Donald Trump is ushering in the Golden Age of Lying.
When we were little, “it wasn’t me” was a good lie. Even as kids, we instinctively understood that you can’t prove a negative. In the absence of an eyewitness, “it wasn’t me” might instill at least the shadow of a doubt in our parents. Even if it didn’t get you totally off the hook, maybe it could reduce the punishment.
As we grew older, we had to make our lies more specific to the occasion. “I’m going to the library” was a staple during our high school years. (Note to millennials, a “library” is a building with a lot of books in it. “Books” are. . . ah, never mind. Just take it on faith that “the library” was a place where your parents used to tell their parents they were going when they were really going out looking for booze, drugs, and sex).
Our parents knew we were lying when we said we were going to the library, and we knew that they knew, but most of the time we could count on them being too lazy to check it out. So long as our friends didn’t rat on us, we didn’t stagger home drunk in the middle of the night, and we didn’t wreck the car, the library story was good enough.
The old lies still work, but they are no longer state of the art. Trump is re-writing the book. Given its variety, creativity and complexity, Trump’s mendacity deserves serious study. It could, to paraphrase James Joyce, keep professors busy for hundreds of years.
And it is not only academics who stand to benefit from a better understanding of Trump’s lies. It has practical applications. Generations of law students, for instance, will hone their courtroom skills by studying the Trump Method of lying.
For now, we have enough material to start the process of naming, defining and cataloging the various forms of Trump’s lies. Here are my favorite examples.
The “Don’t Worry, I’ll Pull Out”
The DWIPO is a promise made in the heat of the moment, knowing that you won’t be able to keep it when the time comes.
The DWIPO is often repealed and replaced by a lesser promise that is easier to keep. For instance, “Don’t worry, I’ll pull out” may be replaced by “Don’t worry, I’ll drive you to the hospital.” Big difference.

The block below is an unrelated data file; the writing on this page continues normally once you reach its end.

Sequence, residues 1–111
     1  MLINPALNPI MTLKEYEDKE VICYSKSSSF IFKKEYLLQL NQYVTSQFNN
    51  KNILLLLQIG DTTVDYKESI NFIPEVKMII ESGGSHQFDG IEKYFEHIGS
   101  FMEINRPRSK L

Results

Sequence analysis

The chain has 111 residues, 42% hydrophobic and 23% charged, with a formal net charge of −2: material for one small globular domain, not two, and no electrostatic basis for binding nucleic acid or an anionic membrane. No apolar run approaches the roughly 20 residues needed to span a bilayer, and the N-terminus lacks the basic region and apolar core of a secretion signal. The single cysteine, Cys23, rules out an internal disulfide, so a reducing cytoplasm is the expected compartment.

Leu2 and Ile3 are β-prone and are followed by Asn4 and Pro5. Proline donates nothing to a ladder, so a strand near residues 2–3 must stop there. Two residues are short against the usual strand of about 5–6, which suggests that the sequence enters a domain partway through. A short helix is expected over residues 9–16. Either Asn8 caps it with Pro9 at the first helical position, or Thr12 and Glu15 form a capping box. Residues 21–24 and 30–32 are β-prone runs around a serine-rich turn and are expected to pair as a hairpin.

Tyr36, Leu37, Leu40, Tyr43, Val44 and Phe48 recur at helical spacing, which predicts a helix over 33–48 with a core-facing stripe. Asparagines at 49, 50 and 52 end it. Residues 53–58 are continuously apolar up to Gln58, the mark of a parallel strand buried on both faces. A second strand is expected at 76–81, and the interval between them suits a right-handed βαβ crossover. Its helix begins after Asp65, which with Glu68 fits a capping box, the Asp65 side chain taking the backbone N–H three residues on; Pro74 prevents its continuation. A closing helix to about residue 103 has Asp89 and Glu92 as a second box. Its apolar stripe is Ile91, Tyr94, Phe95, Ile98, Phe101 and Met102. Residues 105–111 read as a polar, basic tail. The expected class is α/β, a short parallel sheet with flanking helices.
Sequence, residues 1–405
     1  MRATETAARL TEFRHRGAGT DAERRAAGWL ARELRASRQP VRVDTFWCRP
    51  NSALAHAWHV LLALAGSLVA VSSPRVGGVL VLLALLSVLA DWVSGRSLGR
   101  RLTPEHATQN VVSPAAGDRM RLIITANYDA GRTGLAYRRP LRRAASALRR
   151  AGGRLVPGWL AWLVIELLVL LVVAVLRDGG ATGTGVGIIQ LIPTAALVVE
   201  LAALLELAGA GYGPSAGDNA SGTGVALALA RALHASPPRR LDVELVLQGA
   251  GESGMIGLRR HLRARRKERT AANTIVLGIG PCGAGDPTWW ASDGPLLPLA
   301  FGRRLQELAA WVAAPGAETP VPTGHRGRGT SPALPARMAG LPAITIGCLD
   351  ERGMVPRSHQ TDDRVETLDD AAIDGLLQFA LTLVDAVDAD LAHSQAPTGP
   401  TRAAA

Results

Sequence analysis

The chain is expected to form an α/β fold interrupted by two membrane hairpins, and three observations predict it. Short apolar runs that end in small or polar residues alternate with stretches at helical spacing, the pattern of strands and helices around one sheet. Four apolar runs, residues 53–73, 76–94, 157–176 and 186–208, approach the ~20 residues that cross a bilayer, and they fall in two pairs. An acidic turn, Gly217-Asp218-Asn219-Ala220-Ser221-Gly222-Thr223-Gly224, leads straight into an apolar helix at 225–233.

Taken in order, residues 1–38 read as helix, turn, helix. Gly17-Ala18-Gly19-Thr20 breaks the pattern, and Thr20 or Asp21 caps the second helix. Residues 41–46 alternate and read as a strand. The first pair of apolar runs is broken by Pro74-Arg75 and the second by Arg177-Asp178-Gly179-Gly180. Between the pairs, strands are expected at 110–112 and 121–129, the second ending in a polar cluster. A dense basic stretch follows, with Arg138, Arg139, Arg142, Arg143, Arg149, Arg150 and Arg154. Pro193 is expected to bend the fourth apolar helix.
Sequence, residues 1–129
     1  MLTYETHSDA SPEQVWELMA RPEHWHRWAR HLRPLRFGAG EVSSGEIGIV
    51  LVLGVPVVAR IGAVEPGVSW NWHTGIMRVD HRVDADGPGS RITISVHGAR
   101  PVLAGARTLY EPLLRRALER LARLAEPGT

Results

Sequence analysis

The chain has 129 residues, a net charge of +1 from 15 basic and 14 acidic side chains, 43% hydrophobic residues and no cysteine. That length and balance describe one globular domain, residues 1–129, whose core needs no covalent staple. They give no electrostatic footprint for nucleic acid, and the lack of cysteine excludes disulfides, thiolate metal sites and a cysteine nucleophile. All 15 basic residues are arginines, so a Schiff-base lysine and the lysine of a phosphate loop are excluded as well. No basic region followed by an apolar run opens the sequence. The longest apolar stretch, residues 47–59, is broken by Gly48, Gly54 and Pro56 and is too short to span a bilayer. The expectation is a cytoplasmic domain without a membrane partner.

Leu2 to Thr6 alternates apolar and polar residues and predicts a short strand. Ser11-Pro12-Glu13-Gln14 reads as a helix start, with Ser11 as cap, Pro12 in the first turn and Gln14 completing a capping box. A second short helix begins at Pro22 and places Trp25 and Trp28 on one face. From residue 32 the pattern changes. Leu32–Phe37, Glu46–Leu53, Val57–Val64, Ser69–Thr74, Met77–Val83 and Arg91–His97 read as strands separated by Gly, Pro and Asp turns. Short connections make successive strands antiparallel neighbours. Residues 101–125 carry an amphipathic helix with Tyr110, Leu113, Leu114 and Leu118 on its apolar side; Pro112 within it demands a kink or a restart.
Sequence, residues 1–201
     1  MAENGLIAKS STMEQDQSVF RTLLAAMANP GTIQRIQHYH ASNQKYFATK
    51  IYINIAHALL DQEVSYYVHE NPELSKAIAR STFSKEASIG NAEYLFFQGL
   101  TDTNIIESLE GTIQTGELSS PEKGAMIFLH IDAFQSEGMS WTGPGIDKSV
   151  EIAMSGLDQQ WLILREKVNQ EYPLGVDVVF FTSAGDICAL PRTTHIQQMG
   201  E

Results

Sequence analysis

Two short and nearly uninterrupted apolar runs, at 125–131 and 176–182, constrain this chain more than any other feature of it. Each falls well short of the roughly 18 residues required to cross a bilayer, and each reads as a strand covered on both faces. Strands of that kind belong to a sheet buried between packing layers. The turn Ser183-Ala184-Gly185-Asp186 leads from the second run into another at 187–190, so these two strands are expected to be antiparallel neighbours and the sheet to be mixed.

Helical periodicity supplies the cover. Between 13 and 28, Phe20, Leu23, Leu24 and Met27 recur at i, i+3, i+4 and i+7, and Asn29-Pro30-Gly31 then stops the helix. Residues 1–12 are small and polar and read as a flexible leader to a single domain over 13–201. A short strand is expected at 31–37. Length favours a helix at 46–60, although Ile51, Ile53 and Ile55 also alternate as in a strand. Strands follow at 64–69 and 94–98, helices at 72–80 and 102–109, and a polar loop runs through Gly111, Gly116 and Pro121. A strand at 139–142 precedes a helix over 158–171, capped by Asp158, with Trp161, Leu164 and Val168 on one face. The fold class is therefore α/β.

Trump mastered the DWIPO during the campaign. Don’t worry, Trump assured us, he’ll pull out of (“dismantle”) the Iran Nuclear Deal. Later, that became don’t worry, I’ll renegotiate it. When it finally dawned on Trump that none of the other parties to the Iran deal were going to renegotiate, his promise morphed into don’t worry, I’ll enforce it strictly. Forget that strict enforcement of the Iran Nuclear Deal is exactly the opposite of pulling out of it. That’s just nit-picking.
Trump also rolled out the DWIPO for Obamacare. Don’t worry, he told us on the campaign trail, he’ll pull out of (“repeal”) Obamacare immediately upon taking office and replace it with “great health care for a fraction of the price.”
Oops. Somewhere along the way, Trump made the startling discovery that repealing and replacing Obamacare was “very complicated,” and would “take some time into next year.” Well, what he really meant to say is that he might do “something” on “the rudiments” of repeal and replace by the end of the year, or maybe “the following year.” Stay tuned for, “we’ll hopefully do something on healthcare during my first term.” Or maybe the second.
Trump even pulled a DWIPO on Israel. Don’t worry, Trump promised during the campaign, we’ll pull out of Tel Aviv and relocate our embassy in Jerusalem. Now that it has dawned on him that pulling out of Tel Aviv would inflame the Middle East, kill any hope of a peace process, and that behind the scenes even the Israelis don’t want him to do it, he’s retreated to promising a “process.” “There’s [sic] no decisions. We’re at the very early stages of that decision process,” says Trump mouthpiece Sean Spicer.
Excellent! Process is progress! Thinking about stuff is good!
Pee-wee Herman had the perfect response to any insult, “I know you are, but what am I?”
Here’s how it works. Whenever somebody exposes something horribly twisted about you, you turn it back on them. You pretend that they were actually saying is about themselves, not about you. It doesn’t matter if it makes no sense going the other way. Just do it. You will be rewarded.